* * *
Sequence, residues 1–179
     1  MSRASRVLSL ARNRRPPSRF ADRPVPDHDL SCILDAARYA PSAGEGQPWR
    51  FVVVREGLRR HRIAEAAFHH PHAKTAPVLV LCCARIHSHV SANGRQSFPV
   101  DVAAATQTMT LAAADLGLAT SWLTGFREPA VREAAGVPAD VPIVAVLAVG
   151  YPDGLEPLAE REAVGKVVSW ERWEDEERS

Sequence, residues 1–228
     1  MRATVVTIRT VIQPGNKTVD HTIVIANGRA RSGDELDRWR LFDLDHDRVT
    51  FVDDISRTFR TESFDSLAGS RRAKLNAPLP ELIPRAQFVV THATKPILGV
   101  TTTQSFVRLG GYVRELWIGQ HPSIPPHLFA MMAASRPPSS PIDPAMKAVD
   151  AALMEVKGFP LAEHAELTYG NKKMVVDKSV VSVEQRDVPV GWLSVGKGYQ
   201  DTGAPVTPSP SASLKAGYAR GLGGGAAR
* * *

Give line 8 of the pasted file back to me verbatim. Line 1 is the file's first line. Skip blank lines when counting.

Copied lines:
    51  FVDDISRTFR TESFDSLAGS RRAKLNAPLP ELIPRAQFVV THATKPILGV